1. 17
  1.  

  2. 7

    So you’re having fun. I wouldn’t call that a waste.

    1. 1

      I mostly read the article to find out what EndBASIC was. I don’t know if it will get many users but it looks like an incredibly fun project, so I was left wondering why the author felt the need to justify it. Of all the hobbies in the world, building a fun toy that anyone with a web browser and Internet connection can play with seems like one that’s pretty low on the ‘needs justifying list’.

    2. 3

      a couple years back I was about to mess around with qbasic at the computer history museum (of course you can just run qbasic on your machine if you want to :) ), and one really great thing was the integrated help. You could just work on stuff “as-is”.

      Granted, I think the scope of things those kinds of things need to cover is much smaller, but the lack of “just google it” as a reasonable answer really made some of the IDE-y features in tools need to carry their weight.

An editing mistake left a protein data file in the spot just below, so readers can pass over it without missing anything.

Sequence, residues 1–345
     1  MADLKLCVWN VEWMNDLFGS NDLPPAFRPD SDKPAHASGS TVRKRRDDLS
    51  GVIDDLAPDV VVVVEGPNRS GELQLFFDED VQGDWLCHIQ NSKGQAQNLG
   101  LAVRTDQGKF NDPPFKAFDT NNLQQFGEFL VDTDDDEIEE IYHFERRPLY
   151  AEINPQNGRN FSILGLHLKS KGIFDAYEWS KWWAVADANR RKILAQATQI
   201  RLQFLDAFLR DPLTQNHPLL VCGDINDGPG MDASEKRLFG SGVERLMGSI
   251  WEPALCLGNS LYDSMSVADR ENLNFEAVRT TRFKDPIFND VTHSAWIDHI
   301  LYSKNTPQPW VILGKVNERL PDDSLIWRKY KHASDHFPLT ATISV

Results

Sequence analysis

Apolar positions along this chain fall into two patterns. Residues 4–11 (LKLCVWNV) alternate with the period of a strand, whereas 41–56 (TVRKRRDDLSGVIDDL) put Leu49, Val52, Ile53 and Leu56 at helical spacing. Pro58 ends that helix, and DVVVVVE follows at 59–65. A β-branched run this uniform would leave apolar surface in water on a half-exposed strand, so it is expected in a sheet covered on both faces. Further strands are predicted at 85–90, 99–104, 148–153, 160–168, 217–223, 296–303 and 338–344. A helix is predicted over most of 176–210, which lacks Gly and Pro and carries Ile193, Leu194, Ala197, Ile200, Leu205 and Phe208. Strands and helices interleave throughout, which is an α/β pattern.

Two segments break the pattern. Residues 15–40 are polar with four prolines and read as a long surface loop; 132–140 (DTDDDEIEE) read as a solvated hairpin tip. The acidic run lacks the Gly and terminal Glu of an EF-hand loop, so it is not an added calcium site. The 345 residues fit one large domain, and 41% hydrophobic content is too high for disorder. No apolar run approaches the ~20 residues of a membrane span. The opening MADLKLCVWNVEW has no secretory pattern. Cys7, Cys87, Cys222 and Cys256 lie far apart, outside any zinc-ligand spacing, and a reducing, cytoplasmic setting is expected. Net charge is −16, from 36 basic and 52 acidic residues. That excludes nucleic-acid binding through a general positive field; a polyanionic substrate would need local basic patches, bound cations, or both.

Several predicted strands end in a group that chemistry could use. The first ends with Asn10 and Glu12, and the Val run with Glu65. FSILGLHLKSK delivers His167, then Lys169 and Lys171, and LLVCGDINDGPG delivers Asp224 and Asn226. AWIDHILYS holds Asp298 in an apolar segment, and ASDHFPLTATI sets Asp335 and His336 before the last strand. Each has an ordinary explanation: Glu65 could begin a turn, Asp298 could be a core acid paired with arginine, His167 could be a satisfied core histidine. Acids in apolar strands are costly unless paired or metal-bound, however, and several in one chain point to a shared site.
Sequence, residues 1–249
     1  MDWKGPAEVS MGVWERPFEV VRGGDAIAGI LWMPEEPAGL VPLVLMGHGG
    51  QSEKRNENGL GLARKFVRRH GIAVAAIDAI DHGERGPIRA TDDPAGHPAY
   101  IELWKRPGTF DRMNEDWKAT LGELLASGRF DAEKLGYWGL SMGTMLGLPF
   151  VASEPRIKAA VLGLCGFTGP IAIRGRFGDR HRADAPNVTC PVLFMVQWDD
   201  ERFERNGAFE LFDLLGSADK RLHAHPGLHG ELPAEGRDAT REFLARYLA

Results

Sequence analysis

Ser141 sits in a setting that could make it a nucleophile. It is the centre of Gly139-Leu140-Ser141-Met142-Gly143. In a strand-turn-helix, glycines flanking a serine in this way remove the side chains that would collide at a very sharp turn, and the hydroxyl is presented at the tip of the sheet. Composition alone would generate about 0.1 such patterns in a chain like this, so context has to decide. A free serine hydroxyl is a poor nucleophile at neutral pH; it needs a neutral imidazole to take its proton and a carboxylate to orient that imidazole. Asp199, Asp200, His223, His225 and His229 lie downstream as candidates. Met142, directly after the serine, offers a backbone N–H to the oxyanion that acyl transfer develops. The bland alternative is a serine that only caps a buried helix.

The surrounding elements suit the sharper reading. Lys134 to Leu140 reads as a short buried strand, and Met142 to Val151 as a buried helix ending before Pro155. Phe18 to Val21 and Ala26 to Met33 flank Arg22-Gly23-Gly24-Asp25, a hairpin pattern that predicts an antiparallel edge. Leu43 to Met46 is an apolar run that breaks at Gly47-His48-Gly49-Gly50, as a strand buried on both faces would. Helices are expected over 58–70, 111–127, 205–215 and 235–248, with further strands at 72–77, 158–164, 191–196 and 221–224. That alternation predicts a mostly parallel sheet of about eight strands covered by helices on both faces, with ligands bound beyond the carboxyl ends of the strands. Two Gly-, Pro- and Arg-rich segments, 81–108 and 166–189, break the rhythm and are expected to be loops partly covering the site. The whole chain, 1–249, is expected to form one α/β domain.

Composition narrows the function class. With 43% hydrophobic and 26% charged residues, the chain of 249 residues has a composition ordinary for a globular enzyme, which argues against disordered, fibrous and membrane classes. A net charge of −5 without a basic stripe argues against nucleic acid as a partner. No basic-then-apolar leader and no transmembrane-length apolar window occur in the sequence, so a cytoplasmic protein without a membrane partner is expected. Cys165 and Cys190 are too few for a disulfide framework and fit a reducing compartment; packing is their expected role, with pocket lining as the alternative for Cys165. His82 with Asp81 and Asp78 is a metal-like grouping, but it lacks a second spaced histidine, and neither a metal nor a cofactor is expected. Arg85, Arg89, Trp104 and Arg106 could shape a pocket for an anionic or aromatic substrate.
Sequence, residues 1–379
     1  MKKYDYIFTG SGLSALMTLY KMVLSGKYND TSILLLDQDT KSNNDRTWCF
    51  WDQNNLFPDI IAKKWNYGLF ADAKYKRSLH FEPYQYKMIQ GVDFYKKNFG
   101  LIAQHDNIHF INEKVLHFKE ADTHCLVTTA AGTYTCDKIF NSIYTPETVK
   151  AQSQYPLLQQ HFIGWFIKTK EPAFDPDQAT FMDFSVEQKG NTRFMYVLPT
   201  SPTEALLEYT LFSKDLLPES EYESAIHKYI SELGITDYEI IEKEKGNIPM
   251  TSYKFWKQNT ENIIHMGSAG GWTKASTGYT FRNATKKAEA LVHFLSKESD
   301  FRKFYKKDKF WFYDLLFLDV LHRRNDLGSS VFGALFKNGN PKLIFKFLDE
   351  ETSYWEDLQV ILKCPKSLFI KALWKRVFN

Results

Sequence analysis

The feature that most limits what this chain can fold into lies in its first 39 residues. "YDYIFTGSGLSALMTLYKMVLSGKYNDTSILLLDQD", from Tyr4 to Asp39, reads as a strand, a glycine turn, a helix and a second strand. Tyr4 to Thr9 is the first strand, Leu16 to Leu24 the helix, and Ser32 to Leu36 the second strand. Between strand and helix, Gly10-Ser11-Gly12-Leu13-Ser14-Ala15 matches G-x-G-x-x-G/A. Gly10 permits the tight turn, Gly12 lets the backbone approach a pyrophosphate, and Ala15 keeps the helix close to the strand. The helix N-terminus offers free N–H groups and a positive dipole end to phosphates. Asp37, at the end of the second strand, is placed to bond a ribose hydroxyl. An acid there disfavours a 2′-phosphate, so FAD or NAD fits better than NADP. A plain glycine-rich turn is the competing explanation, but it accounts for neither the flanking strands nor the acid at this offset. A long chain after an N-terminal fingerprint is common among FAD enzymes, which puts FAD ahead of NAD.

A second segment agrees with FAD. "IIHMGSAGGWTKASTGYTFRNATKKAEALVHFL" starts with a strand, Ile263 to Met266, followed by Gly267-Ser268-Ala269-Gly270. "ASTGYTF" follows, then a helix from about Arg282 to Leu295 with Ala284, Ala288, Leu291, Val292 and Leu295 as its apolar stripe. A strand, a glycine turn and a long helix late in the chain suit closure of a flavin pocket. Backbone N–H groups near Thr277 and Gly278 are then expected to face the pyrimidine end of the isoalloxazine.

And of course there’s nice “flavor” to doing that sort of retro-y programming (see also stuff like Zachtronic games, or PICO-8).

      I like… not having typos cause my stuff to break. but BASIC envs are still pretty awesome

      1. 2

        i was sad when racket moved away from integrated help browser to “open the doc in a web browser”, though from a pragmatism standpoint it did make sense to not spend resources unnecessarily maintaining an in-ide browser.

      2. 2

        “Time you enjoyed wasting wasn’t wasted.”

        1. 2

          Creative endeavors are a valid form of self care. Keep hacking!

          1. 2

            this is a retro-looking BASIC interpreter written in Rust that happens to run on the web

            1. 1

              It’s not wasted, BASIC (or something very similar to it) will be back as the wheel turns.